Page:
After first 25 years, Coastal Conservation League looks to the future
The Coastal Conservation League has had many successes protecting the environment over the past 25 years, but it will have to do some things differently if it plans to be around decades from now.
Just what changes the organization might make was the focus of the final brainstorming session of the group’s 25th anniversary conference, held Thursday at the Francis Marion Hotel.
“We’re at a point where the Lowcountry realizes the simple importance of conservation,” said Dana Beach, the group’s founder and director. But over the next decade, the league needs to make a stronger connection between conservation and the economy, culture and human health.
It’s also time for the region to become a leader in the environmental movement and an example of responsible development, he said.
Panelists for the session were Emory Campbell, president of Gullah Heritage Consulting Service; Hamilton Davis, energy and climate director at the Coastal Conservation League; Charles Lane, chairman of the ACE Basin Taskforce; and David Shi, president emeritus of Furman University.
Lane, who for decades has worked on preserving the region’s environment, said the movement has gained steam over the past 25 years. Without that, “South Carolina would have been left to the same fate as Florida or New Jersey,” he said, referring to poor land-use planning and urban sprawl.
But in the future, it needs to be more closely connected to economic development, he said. For instance, promoting sustainable agriculture would be a boon for the environment and financially struggling rural areas. “What kind of economic sense does it make to put houses on our best farmland?” he asked.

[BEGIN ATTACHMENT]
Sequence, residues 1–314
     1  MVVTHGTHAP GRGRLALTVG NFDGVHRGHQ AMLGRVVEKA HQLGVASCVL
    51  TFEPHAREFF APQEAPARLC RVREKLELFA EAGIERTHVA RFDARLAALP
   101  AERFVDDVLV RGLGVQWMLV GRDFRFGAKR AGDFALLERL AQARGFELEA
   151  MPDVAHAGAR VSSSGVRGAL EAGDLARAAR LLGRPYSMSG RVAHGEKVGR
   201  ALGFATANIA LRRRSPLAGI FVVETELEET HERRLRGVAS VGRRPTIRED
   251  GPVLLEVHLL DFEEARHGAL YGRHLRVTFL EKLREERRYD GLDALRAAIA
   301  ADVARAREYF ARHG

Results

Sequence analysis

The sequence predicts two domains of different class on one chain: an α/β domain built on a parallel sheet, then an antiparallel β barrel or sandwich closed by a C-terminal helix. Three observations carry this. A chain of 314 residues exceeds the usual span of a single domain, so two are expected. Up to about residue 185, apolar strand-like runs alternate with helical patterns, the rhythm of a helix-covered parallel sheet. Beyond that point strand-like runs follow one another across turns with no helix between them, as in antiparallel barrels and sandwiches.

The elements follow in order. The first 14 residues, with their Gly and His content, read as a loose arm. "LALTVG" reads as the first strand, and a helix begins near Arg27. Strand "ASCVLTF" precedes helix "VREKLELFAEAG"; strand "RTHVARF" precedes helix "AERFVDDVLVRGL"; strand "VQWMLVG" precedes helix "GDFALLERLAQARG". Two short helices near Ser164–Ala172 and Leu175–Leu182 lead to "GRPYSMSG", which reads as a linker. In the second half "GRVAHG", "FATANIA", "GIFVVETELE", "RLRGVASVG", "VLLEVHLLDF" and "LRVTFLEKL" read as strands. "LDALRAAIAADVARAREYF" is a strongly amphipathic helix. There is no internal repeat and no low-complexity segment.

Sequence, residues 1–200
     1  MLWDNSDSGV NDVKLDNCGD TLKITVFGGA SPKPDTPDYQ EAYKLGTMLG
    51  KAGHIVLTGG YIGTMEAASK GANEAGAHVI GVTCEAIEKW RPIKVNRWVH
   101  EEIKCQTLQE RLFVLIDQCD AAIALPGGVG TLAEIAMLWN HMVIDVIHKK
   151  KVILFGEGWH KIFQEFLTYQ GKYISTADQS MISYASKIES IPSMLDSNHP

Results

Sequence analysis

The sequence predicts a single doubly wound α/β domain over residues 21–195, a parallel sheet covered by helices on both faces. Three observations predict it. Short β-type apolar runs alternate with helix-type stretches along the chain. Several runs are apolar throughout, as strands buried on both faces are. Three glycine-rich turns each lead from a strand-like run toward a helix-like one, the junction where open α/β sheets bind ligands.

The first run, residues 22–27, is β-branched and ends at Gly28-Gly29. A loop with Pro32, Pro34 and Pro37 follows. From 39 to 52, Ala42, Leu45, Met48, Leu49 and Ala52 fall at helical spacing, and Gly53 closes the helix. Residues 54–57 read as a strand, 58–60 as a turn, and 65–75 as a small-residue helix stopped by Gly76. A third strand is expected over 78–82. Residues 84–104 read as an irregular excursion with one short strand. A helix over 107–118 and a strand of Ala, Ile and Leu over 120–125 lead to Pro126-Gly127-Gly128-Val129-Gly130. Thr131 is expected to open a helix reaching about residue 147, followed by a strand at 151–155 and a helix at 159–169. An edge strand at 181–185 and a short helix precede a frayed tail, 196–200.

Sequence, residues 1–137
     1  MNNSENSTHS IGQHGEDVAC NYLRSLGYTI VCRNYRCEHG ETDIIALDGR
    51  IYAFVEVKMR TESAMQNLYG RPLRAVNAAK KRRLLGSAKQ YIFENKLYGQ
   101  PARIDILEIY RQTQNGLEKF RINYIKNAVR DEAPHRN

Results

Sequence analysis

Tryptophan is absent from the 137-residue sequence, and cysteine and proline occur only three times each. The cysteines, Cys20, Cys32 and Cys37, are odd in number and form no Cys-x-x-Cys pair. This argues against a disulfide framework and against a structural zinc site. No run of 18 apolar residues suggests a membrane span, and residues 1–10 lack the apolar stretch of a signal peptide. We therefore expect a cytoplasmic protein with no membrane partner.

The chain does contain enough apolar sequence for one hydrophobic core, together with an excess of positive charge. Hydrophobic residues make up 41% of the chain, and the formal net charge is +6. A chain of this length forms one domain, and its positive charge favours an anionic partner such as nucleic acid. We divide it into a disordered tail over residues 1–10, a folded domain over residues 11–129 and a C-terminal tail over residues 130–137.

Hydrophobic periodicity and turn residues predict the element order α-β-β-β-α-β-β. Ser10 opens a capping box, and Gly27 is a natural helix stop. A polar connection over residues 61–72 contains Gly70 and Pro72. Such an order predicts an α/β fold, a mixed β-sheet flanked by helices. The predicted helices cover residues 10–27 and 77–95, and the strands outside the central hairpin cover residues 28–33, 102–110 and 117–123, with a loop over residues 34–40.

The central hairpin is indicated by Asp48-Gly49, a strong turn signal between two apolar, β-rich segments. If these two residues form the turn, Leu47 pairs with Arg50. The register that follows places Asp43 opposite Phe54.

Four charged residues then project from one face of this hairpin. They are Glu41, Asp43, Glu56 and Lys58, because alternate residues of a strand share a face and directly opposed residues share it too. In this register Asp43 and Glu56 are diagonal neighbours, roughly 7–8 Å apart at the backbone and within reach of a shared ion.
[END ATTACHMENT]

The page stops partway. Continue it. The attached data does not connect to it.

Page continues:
He also said the league must form stronger partnerships with other groups.
Campbell, one of the league’s founding members, said his group is ready to work more closely with the league. The Gullah and Geechee people serve as an example of how closely people are connected to the land, he said.
Shi said the league, for its first 25 years, has been an advocacy organization, but it should avoid being pigeonholed that way in the future. “Advocacy organizations, regrettably, within a few years, become stereotyped,” he said.
Environmental groups must be concerned with how they are perceived by communities, he said, and the perception should be one of “integrity, authenticity and success.”
The league should consider also becoming a service organization, he said. For example, many corporations and government agencies have hired sustainability coordinators, but not many of them are well-trained on environmental issues. The league could fill that void and create “a different portal through which it can engage other organizations and government agencies.”
Davis said the league’s successes over the past several years indicate that South Carolinians are concerned about the environment and willing to protect it. The last coal plant proposed in the state in 2009 failed, he said. “I think that’s the last coal plant we will see proposed in South Carolina. I do think that bodes well for the future.”
Reach Diane Knich at 937-5491.